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After a year of relative calm, volatility is back.
Stocks are recovering from last week's correction but while markets reconcile with higher rates and rising inflation, BMO Capital markets says it has a strategy to help you sleep at night.
Stocks that consistently grow their dividend, including Johnson & Johnson, Morgan Stanley and Microsoft, should outperform the S&P 500 and turbulent environment even as higher rates threaten the attractiveness of their payout, according to BMO chief investment strategist Brian Belski.
"Unlike dividend-yield only strategies, which are typically a collection of defense stocks, dividend growth stocks typically contain broad representation from cyclical areas," Belski wrote in a note to clients Thursday. "Our advice is to relax and take a step back from the noise."
The noise Belski mentioned was especially loud during the recent market corrections and spike in volatility. Last Thursday, the major indexes closed 10 percent below record highs set Jan. 26. The VIX, Wall Street's "fear index," came back strong last week after a year of relative calm. In its nine previous sessions, the S&P 500 has logged seven moves greater than 1 percent. The broad index posted just eight 1 percent moves during all of 2017.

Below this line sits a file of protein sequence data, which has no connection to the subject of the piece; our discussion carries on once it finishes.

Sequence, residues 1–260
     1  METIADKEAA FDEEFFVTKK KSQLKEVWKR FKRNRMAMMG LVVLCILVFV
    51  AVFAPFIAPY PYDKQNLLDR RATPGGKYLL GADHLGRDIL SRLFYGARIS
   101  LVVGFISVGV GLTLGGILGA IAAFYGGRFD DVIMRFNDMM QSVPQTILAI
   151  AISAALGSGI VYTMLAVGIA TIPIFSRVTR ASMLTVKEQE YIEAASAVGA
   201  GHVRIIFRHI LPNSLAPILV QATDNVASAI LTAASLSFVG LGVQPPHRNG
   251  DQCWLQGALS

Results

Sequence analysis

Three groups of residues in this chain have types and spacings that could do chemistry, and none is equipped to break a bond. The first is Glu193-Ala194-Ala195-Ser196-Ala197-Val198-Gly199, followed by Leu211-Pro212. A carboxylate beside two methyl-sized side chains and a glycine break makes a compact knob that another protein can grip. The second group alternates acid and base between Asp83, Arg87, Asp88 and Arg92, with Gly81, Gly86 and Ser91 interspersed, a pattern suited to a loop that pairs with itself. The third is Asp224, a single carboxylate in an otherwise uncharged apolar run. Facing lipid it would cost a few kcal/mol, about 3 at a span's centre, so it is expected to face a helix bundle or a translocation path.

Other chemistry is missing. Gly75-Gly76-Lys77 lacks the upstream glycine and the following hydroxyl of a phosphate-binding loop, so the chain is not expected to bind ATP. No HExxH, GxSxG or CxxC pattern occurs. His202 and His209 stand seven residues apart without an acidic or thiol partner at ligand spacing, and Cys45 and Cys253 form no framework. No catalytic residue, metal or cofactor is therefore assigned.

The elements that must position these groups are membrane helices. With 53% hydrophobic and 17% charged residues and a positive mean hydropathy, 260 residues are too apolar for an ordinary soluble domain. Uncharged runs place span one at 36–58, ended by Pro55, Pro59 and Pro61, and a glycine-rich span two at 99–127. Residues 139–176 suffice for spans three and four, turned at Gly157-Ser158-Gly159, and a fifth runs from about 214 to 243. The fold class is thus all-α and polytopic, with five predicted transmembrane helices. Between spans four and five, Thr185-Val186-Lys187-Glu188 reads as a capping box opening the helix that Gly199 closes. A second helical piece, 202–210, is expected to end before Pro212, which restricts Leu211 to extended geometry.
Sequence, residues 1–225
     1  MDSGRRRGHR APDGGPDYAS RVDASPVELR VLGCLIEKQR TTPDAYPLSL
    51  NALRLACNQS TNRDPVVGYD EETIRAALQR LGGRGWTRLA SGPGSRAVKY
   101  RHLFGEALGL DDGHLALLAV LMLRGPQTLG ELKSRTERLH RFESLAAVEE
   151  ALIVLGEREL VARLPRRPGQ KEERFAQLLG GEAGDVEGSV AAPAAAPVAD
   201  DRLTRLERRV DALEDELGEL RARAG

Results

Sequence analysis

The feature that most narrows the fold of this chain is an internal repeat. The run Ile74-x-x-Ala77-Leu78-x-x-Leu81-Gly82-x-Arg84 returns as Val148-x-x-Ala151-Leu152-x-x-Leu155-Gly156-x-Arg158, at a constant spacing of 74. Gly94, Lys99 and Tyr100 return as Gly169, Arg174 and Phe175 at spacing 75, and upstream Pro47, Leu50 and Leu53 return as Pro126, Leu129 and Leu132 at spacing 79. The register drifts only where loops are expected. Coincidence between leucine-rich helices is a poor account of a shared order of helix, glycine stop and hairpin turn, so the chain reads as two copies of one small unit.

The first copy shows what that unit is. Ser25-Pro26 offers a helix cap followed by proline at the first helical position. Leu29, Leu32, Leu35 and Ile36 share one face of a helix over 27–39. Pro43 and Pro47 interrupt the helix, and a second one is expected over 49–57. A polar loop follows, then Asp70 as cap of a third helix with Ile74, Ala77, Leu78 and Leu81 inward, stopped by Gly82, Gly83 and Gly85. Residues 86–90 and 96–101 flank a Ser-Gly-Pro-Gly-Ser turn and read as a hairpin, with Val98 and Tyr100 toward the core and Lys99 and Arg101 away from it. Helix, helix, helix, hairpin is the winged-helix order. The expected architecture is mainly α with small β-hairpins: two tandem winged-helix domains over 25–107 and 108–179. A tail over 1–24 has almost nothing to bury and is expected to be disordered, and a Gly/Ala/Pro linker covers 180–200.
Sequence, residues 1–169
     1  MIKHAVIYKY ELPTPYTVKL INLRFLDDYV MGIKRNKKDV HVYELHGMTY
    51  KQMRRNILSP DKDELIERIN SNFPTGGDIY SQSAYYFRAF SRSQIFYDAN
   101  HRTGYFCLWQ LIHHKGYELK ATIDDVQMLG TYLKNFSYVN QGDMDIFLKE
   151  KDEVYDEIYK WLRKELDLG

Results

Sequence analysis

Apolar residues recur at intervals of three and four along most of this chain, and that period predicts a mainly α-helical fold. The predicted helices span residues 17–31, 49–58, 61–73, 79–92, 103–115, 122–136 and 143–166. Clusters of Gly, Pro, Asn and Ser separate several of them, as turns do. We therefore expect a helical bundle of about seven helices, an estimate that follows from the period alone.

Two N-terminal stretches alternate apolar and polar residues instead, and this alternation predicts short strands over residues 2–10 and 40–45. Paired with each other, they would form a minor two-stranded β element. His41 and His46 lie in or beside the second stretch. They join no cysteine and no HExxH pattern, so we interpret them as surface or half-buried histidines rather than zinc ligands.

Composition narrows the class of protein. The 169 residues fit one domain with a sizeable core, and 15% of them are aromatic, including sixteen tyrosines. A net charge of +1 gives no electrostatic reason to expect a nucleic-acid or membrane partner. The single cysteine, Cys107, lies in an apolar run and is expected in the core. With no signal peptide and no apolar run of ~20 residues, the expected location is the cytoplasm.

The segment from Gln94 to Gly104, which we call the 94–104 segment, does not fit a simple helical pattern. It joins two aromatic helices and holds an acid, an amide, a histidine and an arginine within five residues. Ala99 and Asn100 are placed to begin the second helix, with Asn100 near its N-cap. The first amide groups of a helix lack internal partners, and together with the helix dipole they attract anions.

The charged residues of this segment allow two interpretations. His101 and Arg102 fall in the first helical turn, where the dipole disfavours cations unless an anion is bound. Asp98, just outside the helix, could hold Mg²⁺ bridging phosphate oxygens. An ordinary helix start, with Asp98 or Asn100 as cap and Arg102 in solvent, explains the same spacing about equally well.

During similar swings, BMO said dividend-growth strategies have performed especially well. The firm looked at all monthly periods where the VIX was at an above-average level, and found that dividend-growth stocks gained an average annualized total return of 5.8 percent, compared with a loss of 2.1 percent in the S&P 500.
Source: BMO Capital Markets
The strategy still works in stronger markets, BMO said. Dividend-growth stocks returned an average of 27.2 percent in months when the S&P gained 10 percent or more, according to the research.
Source: BMO Capital Markets
BMO's U.S. dividend-growth portfolio includes more than 40 stocks but the firm has outperform ratings on Intel, Johnson & Johnson, Medtronic, Merck & Co, Morgan Stanley, Microsoft, Northrop Grumman, Oneok, Pfizer, PNC, Simon Property Group, Texas Instruments and United Health.
One key factor in the sell-off last week was a jump in interest rates, which typically dampen the appeal of dividend stocks. This week, Wednesday's surprise increase in inflation added to the possibility of another Fed rate hike. Core CPI notched its biggest monthly rise since 2005, coming in at 0.349 percent month over month.
The yield on the 10-year U.S. Treasury hit a four-year high of 2.944 percent Thursday, above the levels that sparked the market sell-off. The 2-year Treasury yield jumped to 2.213 percent Thursday, the highest level since September 2008. Yields move opposite of prices.
While BMO said its work shows nothing wrong with the fundamental state of stocks or the economy and there's nothing "to suggest trouble on the horizon," more price swings are on the way.
"This is the way a healthy stock market should work," Belski wrote. "We are simply viewing this as a long overdue and needed pullback."